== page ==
Of all the war memorials you can visit in this country, one of the most moving is the Vietnam War Memorial located in Washington D.C.
Not because it’s an imposing structure—it’s a simple, black “V” set into the ground. And it’s not because it represents our greatest loss of soldiers—though many view the Vietnam War as a great tragedy.
This memorial is emotionally moving because the conflict is recent enough that visitors often know someone who died. So, unlike a Civil War or WWI memorial, where you simply see row upon row of names carved into pristine marble, at the Vietnam Memorial you see personal mementos placed along the bottom of the wall. And next to some of the names are taped hand-written notes expressing heart-breaking grief at the continued loss.
Several years ago, James Fallows penned a widely read article called The Tragedy of the American Military.1 One of his main points is that in the past few decades there has been a growing gap between the average American and those who serve in the armed forces.
He cited statistics that show you’re more likely to personally know someone who works on a farm than to have a first-hand relationship with someone in the military. And according to Fallows, this widening disparity tends to cause civilian society to treat them with a benign neglect, starting with our politicians.
“This reverent but disengaged attitude toward the military—we love the troops, but we’d rather not think about them—has become so familiar that we assume it is the American norm.”
One result of this disconnect is that on days like the upcoming Memorial Day, set aside specifically to remember those who have died in war, we tend to think of the fallen as “them.” Those other kind of people who serve and die in distant wars.
But the truth is they were “us.” They were people who experienced fear before going into battle (and went anyway) and felt pain when wounded. Like all of us they had good points and bad points. And it matters that in a conflict they lost the one life they were given.
If this Memorial Day you don’t have a close friend or family member to remember, it would be good to find out about somebody else’s.
Military Times interviewed a dozen veterans who are now public officials and asked them to tell the story of the fallen soldier they most think about on Memorial Day. Read the article here.
And have a tissue nearby.
Have a great weekend!
Source: Efficient Advisors
Golf Tip of the Week
A Simple Drag Drill to Promote More Power
Good golfers have a common full-swing characteristic: they have learned to use both their arms and their lower body to power the ball during the downswing. To acquaint yourself with the way the legs and hips should act as the clubhead approaches the ball, try this simple drill.
Address a ball as you normally would, but don’t take the club back. Instead, only move the clubhead forward. Try to drag the ball off the grass and into the air. If you just use your hands and arms, you will do this inconsistently. When you start moving the club with your body, it will happen more consistently, and you will get the feeling of how to turn fully and apply more power on the downswing.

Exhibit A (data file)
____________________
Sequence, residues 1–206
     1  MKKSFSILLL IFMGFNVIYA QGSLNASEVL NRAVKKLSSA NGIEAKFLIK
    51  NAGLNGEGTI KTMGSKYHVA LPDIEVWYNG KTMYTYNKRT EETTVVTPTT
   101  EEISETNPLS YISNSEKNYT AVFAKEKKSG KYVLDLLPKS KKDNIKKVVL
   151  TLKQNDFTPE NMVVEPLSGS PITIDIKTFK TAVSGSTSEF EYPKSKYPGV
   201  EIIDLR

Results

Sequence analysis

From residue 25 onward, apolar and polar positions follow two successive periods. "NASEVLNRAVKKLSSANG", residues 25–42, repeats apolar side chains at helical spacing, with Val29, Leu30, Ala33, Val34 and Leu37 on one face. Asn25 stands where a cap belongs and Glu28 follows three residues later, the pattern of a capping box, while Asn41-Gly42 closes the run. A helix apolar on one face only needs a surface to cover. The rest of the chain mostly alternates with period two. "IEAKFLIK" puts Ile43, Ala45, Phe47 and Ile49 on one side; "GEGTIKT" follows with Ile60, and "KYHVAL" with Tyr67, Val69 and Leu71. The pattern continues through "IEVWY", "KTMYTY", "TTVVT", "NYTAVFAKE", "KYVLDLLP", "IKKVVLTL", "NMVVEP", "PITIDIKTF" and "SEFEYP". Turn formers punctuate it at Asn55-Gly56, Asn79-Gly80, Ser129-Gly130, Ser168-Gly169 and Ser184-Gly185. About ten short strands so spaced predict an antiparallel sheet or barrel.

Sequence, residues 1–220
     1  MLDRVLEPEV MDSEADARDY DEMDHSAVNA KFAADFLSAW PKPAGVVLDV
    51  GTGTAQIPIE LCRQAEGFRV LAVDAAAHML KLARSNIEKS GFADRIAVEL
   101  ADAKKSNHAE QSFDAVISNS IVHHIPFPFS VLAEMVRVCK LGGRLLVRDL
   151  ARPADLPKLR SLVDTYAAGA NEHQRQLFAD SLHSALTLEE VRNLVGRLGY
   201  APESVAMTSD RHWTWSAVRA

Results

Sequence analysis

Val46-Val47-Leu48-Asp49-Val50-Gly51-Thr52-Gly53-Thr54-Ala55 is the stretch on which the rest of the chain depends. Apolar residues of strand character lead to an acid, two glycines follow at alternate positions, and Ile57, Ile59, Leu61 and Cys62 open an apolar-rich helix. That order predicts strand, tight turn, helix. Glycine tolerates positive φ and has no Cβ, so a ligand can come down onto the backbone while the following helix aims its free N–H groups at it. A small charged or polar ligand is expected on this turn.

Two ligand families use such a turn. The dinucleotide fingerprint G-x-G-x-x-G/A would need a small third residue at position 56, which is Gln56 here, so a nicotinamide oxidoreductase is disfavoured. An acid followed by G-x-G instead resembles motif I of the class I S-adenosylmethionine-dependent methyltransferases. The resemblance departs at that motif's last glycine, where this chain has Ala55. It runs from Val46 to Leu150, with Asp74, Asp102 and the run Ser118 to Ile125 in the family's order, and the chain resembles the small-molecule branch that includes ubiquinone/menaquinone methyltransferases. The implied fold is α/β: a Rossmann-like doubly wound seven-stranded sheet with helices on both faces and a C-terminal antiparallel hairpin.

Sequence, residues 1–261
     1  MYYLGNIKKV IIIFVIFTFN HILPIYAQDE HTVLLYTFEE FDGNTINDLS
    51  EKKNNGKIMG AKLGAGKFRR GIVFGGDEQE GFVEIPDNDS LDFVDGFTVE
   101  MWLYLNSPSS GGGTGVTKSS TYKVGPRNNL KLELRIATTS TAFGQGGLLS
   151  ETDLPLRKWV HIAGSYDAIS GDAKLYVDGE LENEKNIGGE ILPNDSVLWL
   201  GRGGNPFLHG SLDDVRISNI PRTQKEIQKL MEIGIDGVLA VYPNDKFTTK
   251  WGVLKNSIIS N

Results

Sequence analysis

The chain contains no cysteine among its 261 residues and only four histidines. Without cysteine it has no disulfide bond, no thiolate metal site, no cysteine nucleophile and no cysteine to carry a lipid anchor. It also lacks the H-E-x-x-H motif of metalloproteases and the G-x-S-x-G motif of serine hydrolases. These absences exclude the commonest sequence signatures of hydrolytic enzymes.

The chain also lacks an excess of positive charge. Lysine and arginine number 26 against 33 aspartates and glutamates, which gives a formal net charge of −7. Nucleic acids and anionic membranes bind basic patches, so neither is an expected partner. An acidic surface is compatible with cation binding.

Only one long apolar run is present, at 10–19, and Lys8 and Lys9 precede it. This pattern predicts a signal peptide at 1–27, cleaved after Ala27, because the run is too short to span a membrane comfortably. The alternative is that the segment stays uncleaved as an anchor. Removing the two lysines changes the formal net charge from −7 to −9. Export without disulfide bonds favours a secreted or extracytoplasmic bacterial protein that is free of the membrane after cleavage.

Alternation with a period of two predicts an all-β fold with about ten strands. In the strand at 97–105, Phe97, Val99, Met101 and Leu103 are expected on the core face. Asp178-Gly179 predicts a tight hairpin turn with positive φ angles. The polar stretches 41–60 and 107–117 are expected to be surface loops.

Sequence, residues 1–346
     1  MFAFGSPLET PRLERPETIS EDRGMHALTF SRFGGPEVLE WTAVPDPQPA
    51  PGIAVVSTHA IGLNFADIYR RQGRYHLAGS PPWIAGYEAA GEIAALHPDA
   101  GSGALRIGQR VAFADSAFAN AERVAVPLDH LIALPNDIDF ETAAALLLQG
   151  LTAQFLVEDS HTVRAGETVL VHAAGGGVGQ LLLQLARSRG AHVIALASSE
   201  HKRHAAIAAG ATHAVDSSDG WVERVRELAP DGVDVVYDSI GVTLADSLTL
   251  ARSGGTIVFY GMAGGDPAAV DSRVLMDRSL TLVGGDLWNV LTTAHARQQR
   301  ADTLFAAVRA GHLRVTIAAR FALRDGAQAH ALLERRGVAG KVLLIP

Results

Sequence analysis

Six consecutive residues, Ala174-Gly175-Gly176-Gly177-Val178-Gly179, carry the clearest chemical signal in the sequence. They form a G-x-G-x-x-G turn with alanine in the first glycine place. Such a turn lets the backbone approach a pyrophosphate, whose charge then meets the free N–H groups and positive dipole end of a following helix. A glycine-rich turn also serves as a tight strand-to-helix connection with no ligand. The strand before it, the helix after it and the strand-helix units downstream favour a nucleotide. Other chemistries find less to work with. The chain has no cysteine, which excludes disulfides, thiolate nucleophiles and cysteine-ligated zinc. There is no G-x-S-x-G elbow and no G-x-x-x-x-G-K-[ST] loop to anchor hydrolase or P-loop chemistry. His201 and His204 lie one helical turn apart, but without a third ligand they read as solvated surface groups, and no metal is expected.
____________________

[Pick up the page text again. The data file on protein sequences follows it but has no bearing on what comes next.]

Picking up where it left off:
Tip adapted from Culbertson Hills Golf Resorti
Recipe of the Week
- 6 to 8 slices of bread cut into segments
- 1 cup chickpea flour
- 2 tsp. lemon juice
- ¼ tsp. baking soda
- Pinch of salt
- 1 tsp. green chili, chopped
- 2 Tbsp. coriander, chopped
- 1 tsp. ajwain
- ½ tsp. turmeric powder
- 1 cup water
- Preferred cooking oil
- Mix chickpea flour, lemon juice, baking soda, salt, green chili, coriander, ajwain, and turmeric in a bowl.
- Add water to create a batter.
- Heat oil in pan on high.
- Once hot, turn down to medium-low heat.
- Dip bread segments into batter and place into pan.
- Fry until golden brown on both sides.
- Place fried pakora pieces on to paper towel to remove excess oil.
- Serve hot with coriander chutney or grated cheese, to taste.
Recipe adapted from Whiskaffair.comii
Health Tip of the Week
What is Intermittent Fasting?
Intermittent fasting (IF) has gotten a lot of attention lately, and many people are eager to try it. IF is associated with several health benefits, including weight loss, improved heart and brain health, and lowered risk of cancer, among others. Interested? First, you should consult your health provider before you begin any new dietary regimen. This tip is not a substitute for medical advice.
The most common methods include:
- The 16-8 method involves consuming all your daily meals in an eight-hour period and fasting for the remaining 16. Research shows that an 18-6 method is even more effective, but many people find this too restrictive. It’s also been shown that consuming your meals earlier in the day may be more beneficial.
- The Eat-Stop-Eat method and the 5:2 diet work similarly. They both recommend eating as usual for five days a week, but on two non-consecutive days, you either fast or eat around 500 to 600 calories, respectively.
If IF is something you’re considering, gather your information from credible sources and be sure to run your plans by your doctor first to make sure there aren’t any contraindications.
Tip adapted from Healthline.comiii
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i Culbertsonhills.com, May 15, 2020
ii Whiskaffair.com, May 15, 2020
iii Healthline.com, May 15, 2020